By: Kyle Whitecotton
The Fort Worth Chamber of Commerce said Monday it hired a Tarleton State University director to be senior vice president of talent development, retention and attraction, one of the four pillars of the chamber’s new strategic plan.
Dr. Anthony Edwards, assistant professor and director of the Tarleton State University Global Campus, will join the chamber May 14. At Tarleton, Edwards oversaw academic advising, recruiting, and marketing of online programs for six years.
“Anthony has broad experience in areas of education and workforce development,” Brandom Gengelbach, executive vice president of economic development for the chamber, said. “The education and workforce landscape is very complex and Tony is the ideal person to map services offerings in this segment and identify overlaps and gaps within the local system.”
Edwards is a former science teacher in the Fort Worth, Granbury, and Huckabay public schools. He earned a bachelor of science in biomedical science from Texas A&M University, a master of health administration from the Texas A&M Health Science Center, and a doctor of education in educational leadership and policy studies from Tarleton State.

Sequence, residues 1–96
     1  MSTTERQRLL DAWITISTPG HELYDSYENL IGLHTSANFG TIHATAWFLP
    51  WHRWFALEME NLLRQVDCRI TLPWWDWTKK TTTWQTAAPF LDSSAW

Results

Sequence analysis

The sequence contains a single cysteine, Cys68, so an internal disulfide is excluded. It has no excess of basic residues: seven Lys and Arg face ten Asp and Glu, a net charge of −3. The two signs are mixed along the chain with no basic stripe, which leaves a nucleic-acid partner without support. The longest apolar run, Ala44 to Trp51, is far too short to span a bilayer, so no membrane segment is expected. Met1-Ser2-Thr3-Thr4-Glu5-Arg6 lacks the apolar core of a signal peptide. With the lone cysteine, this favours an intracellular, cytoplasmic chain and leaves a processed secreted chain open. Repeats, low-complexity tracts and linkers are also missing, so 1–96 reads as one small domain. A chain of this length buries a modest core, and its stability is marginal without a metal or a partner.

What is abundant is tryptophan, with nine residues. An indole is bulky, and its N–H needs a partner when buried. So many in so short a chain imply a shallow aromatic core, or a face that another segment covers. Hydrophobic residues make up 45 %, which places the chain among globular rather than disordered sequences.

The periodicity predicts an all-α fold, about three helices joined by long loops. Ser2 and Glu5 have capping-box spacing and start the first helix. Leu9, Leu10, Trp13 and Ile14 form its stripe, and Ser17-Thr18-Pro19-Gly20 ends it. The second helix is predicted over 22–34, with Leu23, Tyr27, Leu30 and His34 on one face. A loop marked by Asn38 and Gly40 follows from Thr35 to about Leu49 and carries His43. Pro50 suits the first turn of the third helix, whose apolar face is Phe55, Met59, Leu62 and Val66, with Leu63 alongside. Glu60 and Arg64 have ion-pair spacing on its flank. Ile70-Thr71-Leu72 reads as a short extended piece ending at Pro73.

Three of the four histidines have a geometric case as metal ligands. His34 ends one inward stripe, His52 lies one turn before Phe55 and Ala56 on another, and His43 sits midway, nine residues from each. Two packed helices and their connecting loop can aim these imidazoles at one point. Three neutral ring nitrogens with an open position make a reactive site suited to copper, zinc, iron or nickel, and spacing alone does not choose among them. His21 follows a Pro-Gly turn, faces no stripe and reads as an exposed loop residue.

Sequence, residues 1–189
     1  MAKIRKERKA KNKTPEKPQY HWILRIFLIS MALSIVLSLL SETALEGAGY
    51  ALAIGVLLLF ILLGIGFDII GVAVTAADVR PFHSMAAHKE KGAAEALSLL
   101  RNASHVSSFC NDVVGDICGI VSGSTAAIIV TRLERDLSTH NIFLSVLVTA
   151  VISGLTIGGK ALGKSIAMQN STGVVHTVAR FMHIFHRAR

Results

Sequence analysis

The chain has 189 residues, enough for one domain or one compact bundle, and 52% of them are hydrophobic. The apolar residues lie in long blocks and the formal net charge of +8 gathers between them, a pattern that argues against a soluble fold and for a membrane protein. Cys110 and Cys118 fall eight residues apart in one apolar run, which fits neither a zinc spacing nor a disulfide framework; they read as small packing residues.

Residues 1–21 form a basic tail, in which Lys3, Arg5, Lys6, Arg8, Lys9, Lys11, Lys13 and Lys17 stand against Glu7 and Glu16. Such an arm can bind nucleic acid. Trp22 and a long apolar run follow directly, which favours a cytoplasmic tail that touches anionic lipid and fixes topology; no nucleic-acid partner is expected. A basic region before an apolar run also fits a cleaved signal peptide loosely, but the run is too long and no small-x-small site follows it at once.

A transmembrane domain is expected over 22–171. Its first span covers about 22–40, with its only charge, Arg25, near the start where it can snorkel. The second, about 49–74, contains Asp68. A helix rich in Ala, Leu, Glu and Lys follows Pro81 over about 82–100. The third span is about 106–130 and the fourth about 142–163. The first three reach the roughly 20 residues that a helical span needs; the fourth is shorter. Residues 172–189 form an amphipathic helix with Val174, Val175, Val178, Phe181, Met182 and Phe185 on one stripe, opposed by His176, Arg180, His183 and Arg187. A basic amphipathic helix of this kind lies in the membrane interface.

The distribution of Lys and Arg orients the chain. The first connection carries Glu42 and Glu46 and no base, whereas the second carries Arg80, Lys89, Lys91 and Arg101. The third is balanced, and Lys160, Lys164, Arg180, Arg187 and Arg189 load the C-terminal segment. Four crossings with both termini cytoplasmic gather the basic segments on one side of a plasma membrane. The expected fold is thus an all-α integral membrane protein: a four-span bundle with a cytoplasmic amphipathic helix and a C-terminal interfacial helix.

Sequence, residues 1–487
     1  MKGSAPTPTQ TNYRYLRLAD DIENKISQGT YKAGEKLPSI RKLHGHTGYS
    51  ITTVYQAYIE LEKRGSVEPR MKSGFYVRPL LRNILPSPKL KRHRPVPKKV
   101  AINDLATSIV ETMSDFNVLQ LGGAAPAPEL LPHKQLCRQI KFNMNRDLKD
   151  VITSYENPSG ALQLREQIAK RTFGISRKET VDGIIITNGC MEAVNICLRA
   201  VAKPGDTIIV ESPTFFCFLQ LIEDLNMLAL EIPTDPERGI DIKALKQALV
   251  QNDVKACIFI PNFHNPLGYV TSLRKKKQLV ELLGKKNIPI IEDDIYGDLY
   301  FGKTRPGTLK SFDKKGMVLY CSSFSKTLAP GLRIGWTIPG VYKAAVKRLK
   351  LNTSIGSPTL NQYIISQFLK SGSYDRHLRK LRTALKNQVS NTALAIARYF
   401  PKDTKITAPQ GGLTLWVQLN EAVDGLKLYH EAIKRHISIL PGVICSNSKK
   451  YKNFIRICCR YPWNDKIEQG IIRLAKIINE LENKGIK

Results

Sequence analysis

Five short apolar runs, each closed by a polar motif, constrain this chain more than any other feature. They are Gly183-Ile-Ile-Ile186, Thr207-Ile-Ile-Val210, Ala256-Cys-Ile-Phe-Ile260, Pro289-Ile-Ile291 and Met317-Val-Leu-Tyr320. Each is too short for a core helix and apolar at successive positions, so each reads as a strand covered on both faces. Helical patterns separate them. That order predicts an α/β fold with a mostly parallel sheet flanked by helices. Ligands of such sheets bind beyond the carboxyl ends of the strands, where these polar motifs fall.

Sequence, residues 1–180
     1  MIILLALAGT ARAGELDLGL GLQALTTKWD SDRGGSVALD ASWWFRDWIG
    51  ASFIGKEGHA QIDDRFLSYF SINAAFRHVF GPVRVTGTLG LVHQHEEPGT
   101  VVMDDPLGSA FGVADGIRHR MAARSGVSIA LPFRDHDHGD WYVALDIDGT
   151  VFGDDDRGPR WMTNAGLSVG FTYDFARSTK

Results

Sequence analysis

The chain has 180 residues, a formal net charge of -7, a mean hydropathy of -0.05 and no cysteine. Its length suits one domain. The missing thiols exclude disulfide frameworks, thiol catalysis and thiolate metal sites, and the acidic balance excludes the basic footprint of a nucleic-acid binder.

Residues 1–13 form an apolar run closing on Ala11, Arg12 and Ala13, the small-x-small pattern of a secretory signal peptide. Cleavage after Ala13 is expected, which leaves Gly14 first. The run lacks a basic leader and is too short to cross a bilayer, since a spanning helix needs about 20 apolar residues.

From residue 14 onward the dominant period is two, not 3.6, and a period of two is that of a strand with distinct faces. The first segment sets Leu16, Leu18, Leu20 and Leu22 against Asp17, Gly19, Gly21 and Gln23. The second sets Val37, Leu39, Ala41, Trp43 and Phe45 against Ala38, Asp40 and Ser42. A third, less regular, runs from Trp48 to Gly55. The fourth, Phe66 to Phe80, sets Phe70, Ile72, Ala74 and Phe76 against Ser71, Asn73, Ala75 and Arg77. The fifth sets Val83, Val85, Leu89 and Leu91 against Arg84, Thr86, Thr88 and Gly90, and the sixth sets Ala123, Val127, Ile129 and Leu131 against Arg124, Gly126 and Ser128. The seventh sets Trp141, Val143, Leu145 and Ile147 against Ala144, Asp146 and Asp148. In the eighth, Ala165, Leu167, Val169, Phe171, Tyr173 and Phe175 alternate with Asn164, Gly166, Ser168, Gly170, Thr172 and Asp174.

“I became interested in the position after reading Fortify, the Fort Worth Chamber of Commerce Strategic Plan,” Edwards said. “I am eager to collaborate with local businesses and school districts, Workforce Solutions of Tarrant County, Tarrant County College, local universities, local governments, Visit Fort Worth, and nonprofits to develop, attract, and retain talent in Fort Worth.”
As head of Talent, Dr. Edwards’ four-year goals include a five percent increase in population age 25+ with a bachelor’s degree; five percent increase in population with postsecondary degrees, licenses or certifications; and 10 percent increase in targeted industries’ talent supply.
“Talent is a top concern of businesses of all sizes, so Anthony will be charged with communicating what is being done currently to help local employers understand existing community services that may address their particular needs, as well as learn what new services should be implemented,” Gengelbach said.
By: Kyle Whitecotton